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What does the crown lengthening procedure consist of?

Crown lengthening is a procedure used to help a crown (also cap) fit better. If a tooth is tooth short when it is prepared for the crown, a crown lengthening procedure may be needed. The dentist removes a small amount of gum and bone around the tooth, and several weeks are needed for healing. The new "taller" tooth is then prepared for the crown.
Crown lengthening is a dental office surgery that begins with novacaine for good local anesthesia. Then you will feel firm pressure as the area around the tooth is uncovered. A hand piece (drill), a laser, or some combination of the two instruments will be used to reshape the gum and bone around your tooth, and to some extend around the adjacent teeth as well. You experience this like a combination of a filling and a cleaning all rolled into one procedure -- nothing to get excited about. When the area is shaped to good advantage, stitches are placed to enable more rapid healing. Sometimes a "dressing" is placed over the treated area -- kind of like silly putty that sticks to the teeth and protects the site.

You will come back to get the stitches out in about a week, and the area will be achy-sore for a few days. You may take something for pain, and you will prefer to avoid chewing in that area for a while. Eventually (days, weeks, sometimes months -- depends on the situation) the area will settle down and the tooth can be restored (or enjoyed "as is", if treatment was done only for esthetic reasons). Many patients find this procedure to be rewarding and worthwhile.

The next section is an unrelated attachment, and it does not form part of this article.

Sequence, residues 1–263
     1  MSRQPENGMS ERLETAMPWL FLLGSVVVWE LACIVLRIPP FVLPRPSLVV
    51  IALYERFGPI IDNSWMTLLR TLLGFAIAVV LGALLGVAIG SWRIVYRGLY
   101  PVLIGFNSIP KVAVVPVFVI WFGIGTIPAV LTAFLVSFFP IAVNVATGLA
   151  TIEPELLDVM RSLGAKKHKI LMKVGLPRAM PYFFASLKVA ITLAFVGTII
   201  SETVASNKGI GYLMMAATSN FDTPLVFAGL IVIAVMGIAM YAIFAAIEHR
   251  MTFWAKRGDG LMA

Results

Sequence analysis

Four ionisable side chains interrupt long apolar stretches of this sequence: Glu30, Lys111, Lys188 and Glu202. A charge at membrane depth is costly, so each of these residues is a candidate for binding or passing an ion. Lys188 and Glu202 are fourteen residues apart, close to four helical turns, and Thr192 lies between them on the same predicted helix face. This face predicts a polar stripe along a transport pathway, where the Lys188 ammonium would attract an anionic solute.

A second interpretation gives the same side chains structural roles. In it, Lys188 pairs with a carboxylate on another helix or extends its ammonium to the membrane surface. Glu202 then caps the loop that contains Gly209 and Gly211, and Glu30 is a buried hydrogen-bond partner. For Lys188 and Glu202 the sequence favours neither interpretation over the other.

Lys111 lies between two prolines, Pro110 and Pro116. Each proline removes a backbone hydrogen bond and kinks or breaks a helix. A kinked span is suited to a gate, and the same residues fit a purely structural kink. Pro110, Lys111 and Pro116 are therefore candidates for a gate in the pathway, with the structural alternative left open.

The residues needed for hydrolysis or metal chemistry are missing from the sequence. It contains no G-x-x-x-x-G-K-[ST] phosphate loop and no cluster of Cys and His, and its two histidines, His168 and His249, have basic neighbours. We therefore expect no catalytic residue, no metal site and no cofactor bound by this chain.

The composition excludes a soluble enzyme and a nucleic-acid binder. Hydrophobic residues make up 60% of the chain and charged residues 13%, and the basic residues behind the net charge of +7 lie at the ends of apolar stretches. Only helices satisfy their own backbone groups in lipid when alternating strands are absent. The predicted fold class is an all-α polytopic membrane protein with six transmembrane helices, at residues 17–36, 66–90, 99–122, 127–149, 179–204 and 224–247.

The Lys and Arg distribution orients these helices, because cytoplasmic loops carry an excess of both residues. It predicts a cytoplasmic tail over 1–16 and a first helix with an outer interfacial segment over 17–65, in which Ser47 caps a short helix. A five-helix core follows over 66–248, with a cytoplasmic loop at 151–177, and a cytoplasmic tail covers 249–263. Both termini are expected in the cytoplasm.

The crown lengthening procedure starts with anesthesia, and then the periodontist removes excess gum tissue to expose more of your teeth. Sometimes removal of only a little gum tissue is enough to dramatically improve the appearance of your teeth. Sometimes bone may need to be removed from the area surrounding the tooth root or roots.
Crown lengthening is surgery, but it is minor periodontal surgery. The goal is to expose more solid tooth above the gum for the crown to grip. This is important for retention, stability of the crown and resistance to fracture of the crown from the root.

The principle here is to be able to establish a ferrule around the root surface. The definition of ferrule is:
  1. a ring or cap usually of metal put around a slender shaft (as a cane or a tool handle) to strengthen it or prevent splitting
  2. a usually metal sleeve used especially for joining or binding one part to another (as pipe sections or the bristles and handle of a brush)
In this case crown lengthening exposes adequate tooth/root structure for the crown material to grip.
If crown lengthening is indicated it may also be necessary to build up the tooth (often with reinforced composite resin) above the newly exposed tooth structure. This is also important for retention and to be able to fabricate a crown in the usual manner.

If crown lengthening is indicated but not performed, the crown would be seated only on build-up material, and it would not have sufficient grip on solid natural tooth structure to prevent fracture.

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Important: This content reflects information from various individuals and organizations and may offer alternative or opposing points of view. It should not be used for medical advice, diagnosis or treatment. As always, you should consult with your healthcare provider about your specific health needs.